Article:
Trump repeated his criticism again on Friday and said on Twitter that his attorneys have already begun work on a rebuttal to Mueller in case the special counsel's report is damaging to Trump and becomes public.

The Trump camp also has focused its criticism on Cohen, with Trump's attorney calling Cohen "a liar" who is making up stories to persuade the government to ease his sentence.

The president has acknowledged "lightly" looking into a Trump Tower project in Moscow but said that doing so broke no law and that he was perfectly within his rights to continue to operate his real estate business at the same time his presidential campaign was picking up steam.

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MARY LOUISE KELLY, HOST:

Federal prosecutors are requesting substantial prison time for President Trump's former personal lawyer and fixer, Michael Cohen. Cohen has pleaded guilty to financial crimes, campaign finance violations and lying to Congress. NPR justice reporter Ryan Lucas is here with us in the studio again. Hello again, Ryan.

RYAN LUCAS, BYLINE: Hello again.

KELLY: So you've gone through these latest court filings. What are the prosecutors saying?

LUCAS: Well, there are two court filings here, it's important to note. One is by the U.S. attorney's office in the Southern District of New York, and the other is by Special Counsel Robert Mueller's office. Now, the U.S. Attorney's Office in New York, its file - its filing is related to Cohen's guilty plea to financial crimes, campaign finance violations committed in New York. This filing is not good news for Cohen. Prosecutors say that he committed at least four serious crimes. They say he was motivated by personal greed. And they reject Cohen's appeal for leniency from the judge. Cohen had been asking for time served, so in essence no time...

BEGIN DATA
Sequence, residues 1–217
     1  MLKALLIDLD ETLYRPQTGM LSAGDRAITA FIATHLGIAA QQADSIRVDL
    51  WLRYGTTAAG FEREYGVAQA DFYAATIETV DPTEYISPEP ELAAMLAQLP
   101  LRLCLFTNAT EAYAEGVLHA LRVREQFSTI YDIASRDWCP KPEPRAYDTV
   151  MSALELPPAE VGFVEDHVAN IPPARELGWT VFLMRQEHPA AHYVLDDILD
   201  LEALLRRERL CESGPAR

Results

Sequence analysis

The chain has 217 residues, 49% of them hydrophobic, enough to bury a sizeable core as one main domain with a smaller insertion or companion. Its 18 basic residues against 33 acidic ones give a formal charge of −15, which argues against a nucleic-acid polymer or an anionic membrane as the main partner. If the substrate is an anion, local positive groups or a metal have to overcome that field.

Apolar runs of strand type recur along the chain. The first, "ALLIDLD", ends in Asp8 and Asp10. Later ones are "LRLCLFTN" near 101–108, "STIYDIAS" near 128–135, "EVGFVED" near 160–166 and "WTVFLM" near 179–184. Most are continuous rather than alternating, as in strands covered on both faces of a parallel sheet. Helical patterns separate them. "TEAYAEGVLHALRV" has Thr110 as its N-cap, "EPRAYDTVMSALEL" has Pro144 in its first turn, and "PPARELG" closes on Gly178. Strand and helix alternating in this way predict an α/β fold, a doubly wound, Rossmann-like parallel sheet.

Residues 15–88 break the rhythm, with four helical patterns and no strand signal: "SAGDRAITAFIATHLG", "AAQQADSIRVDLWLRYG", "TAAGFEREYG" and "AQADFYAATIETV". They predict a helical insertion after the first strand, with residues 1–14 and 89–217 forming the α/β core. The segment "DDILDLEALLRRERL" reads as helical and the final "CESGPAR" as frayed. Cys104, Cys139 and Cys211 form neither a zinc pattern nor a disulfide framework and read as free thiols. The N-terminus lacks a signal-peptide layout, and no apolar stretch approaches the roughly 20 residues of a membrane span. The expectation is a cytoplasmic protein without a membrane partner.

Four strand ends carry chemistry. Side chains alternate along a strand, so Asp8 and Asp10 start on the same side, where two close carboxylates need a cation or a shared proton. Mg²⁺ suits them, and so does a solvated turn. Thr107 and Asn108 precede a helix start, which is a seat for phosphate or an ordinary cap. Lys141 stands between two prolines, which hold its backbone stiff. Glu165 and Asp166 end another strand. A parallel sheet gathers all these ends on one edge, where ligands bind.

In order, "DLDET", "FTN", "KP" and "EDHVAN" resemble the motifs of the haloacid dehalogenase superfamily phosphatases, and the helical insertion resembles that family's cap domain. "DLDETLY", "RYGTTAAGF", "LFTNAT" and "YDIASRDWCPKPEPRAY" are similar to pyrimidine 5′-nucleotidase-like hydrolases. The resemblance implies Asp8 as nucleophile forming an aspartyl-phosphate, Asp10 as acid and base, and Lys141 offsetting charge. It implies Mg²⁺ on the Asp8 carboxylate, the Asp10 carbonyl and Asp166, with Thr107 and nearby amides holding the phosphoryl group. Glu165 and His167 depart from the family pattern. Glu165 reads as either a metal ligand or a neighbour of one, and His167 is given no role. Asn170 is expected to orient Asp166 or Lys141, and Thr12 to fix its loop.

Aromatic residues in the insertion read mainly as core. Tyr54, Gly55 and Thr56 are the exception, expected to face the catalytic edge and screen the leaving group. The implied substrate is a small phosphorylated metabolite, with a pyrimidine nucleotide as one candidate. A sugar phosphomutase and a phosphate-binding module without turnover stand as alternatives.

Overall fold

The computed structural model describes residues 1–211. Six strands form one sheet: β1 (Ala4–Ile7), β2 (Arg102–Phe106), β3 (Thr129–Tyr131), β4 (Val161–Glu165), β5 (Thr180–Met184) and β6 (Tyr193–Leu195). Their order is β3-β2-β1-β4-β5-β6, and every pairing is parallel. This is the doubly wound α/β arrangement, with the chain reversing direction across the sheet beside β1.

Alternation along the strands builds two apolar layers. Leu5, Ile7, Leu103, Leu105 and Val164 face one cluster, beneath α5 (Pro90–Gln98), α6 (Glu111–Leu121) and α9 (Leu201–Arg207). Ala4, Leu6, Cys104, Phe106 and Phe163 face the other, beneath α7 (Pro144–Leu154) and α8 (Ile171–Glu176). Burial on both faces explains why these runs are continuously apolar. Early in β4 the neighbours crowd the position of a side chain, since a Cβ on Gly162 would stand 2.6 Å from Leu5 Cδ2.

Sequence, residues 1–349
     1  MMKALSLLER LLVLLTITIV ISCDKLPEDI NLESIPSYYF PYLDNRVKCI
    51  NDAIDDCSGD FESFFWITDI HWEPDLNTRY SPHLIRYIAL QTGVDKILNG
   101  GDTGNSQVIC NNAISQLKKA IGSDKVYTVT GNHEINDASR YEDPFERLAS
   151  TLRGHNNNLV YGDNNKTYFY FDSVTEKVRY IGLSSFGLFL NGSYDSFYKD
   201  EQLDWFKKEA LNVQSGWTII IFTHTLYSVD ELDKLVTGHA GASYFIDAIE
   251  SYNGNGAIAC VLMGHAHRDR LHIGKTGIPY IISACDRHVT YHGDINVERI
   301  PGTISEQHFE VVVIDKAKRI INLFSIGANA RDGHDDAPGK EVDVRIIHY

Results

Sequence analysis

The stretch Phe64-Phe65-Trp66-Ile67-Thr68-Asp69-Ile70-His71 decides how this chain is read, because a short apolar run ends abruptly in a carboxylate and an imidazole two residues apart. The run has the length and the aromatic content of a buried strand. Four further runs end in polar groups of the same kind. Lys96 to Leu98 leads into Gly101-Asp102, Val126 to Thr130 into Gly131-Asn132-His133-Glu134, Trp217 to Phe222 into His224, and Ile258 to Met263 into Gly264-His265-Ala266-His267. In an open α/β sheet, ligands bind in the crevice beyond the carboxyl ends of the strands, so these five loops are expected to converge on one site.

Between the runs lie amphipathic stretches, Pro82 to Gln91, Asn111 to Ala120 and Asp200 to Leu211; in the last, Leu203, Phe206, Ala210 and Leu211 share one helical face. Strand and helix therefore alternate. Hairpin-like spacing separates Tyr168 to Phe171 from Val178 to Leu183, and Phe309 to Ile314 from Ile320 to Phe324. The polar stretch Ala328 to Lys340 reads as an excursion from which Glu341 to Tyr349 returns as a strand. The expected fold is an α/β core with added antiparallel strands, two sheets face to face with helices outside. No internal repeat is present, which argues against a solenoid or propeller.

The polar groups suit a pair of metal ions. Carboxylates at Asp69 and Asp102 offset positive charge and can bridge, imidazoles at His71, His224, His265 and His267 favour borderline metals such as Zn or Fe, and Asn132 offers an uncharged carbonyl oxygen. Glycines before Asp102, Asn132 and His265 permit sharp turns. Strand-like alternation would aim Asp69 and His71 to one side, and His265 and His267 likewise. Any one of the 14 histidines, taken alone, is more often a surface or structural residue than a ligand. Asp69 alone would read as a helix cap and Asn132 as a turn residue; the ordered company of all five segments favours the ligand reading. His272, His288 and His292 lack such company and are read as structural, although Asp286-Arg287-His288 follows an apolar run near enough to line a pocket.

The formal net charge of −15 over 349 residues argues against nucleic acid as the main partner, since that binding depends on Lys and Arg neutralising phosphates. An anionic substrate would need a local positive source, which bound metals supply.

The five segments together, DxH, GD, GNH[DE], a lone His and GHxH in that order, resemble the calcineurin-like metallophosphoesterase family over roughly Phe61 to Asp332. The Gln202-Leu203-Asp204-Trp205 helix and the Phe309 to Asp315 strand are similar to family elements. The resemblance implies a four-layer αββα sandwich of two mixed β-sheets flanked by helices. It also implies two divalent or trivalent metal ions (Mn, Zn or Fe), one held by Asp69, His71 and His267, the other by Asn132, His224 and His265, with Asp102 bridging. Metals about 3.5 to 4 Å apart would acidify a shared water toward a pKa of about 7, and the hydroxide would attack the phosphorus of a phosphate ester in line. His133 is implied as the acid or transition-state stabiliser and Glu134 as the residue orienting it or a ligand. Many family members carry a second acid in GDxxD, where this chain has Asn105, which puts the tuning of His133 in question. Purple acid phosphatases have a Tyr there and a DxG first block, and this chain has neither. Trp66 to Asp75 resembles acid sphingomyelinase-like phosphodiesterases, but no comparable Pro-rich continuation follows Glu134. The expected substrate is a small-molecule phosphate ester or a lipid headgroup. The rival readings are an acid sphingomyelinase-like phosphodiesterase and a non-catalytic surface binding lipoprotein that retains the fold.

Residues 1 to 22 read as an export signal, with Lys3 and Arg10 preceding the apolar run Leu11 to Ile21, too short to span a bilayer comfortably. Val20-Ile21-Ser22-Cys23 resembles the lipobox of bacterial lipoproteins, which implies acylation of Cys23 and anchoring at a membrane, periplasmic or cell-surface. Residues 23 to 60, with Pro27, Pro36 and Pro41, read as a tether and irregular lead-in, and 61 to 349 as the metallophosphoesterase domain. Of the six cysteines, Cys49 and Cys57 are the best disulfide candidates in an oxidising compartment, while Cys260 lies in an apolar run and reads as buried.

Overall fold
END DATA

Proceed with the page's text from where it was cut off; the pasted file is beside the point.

KELLY: No more prison time. Right.

LUCAS: ...No time in jail. Prosecutors in New York say, nope, we're not game with that. They are asking for Cohen to get from four to five years in prison.

KELLY: All right. So that's the first filing, from the U.S. Attorney's Office in New York. What about the other one that's coming from Special Counsel Mueller's office?

LUCAS: Well, Mueller's team does not have a recommendation as to a particular sentence. But in the document today - it's seven pages - we learned more about Cohen's cooperation and what he's been telling investigators.

KELLY: And what more did we learn? What has he been talking about?